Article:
In many ways, being an environmentalist is like having a religion. Both require devotion, patience, compassion and a sense of higher good. Experiences of nature take on a reverent quality, they invoke meditative reflection about the world, inspire awe and contemplation of greater forces. A mountain valley and a forest clearing, with light shining through huge tree branches, are like cathedrals with vaulted ceilings or stained glass windows; bird song and wind rush are the choir and the choral. Environmental philosophy is a mantra, a treatise for a better life for all.
But just like religion, sometimes being an environmentalist can make you feel bad about things that come naturally or make you feel good. Knowing about over-tourism and climate change means flying to holiday destinations can cause a sense of religious guilt and self-persecution.
There’s lots of information in the media these days about the disproportionate carbon footprint of flying. The 4.6 billion passengers flying in 2019 will generate an estimated three per cent of annual global greenhouse gas emissions, and both are expected to grow. It’s anticipated that more than eight billion people will fly by 2036.
Despite opportunities to buy emissions offsets, not every passenger chooses to do so. Meanwhile, biofuel alternatives to aviation fuel are problematic and form their own ethical dilemmas … biomass that could be feeding people instead flies planes? And, inevitably, there’s natural cynicism about just paying to pollute.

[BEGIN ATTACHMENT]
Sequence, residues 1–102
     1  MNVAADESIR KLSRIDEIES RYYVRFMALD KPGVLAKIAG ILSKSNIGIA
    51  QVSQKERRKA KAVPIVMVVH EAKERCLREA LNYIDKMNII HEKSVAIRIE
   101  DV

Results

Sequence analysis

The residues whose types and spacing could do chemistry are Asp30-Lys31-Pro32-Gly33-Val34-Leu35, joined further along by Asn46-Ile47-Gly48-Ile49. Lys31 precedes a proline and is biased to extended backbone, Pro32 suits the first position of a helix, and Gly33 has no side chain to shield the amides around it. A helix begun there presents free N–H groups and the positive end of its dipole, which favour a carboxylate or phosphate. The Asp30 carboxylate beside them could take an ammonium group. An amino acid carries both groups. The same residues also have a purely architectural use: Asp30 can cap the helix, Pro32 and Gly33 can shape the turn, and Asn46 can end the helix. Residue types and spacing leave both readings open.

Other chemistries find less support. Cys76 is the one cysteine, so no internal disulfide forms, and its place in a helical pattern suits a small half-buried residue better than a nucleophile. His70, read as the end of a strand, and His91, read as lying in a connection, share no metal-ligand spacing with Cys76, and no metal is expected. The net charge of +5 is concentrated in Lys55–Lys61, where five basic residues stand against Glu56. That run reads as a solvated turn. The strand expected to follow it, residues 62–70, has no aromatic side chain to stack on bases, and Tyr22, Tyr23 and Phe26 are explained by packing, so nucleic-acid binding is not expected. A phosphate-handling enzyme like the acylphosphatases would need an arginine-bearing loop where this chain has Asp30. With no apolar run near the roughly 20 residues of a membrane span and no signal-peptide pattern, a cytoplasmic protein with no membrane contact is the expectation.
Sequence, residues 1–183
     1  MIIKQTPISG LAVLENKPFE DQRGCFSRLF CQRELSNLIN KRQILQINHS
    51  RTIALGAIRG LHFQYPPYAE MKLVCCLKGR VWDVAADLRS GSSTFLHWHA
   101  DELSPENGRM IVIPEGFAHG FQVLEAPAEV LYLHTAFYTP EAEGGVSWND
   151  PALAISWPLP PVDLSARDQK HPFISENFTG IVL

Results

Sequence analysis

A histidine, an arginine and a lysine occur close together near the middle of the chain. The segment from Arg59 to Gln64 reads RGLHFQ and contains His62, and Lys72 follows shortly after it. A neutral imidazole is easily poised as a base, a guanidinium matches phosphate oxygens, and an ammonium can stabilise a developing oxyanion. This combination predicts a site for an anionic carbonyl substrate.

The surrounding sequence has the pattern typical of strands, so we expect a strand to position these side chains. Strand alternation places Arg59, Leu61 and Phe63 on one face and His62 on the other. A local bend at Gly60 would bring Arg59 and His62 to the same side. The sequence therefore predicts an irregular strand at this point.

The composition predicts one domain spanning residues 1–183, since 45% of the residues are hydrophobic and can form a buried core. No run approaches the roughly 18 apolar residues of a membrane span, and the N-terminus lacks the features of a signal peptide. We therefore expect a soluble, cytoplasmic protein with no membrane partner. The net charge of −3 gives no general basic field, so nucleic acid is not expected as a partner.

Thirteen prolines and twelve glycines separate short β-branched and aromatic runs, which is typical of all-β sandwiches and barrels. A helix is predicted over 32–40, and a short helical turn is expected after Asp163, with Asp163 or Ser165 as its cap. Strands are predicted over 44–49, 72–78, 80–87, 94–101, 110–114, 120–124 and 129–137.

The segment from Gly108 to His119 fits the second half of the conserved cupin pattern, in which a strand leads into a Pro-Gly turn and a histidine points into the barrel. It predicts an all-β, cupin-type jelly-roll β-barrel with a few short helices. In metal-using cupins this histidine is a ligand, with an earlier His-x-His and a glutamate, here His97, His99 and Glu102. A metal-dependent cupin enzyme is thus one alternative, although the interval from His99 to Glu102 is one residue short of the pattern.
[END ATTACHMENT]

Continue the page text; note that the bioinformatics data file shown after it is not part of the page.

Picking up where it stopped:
The problems with plane flights have created their own antithesis – plane shame. An anti-flying movement begun in Sweden is spreading. ‘Flygskam’ can be translated as ‘flight shame’, and I’ve been suffering from it. I already cringe with the ease that my peers and I can indulge in flights around the world on holiday, when people live in cars, on streets and in poverty here and overseas. But with plane shame, I have to worry about how my quality of life and lifestyle affects future human and animal generations, too – as well as my impact on whole planetary systems.
Some environmentalists suggest that the contribution of individual emissions on global climate change is insignificant because bulk emissions from industry dwarf our own. Others say we should fly and drive and burn all the fossil fuels to get it over and done with, as a catalyst to more sustainable change.
I’m trying to ease my own flying footprint as well as looking for system change, not climate change. But it’s not all self-sacrifice. On a recent trip to the South Island, I took the Northern Explorer train from Auckland to Wellington and the ferry to Picton instead of flying directly. The train trip was 11 hours with more leg room than a plane and better views. Then there was the delight of the Cook Strait crossing. Not only did I benefit from guilt-free beautifully scenic travel, but according to the Swedes, tågskryt, or ‘train brag’, is a virtue, too.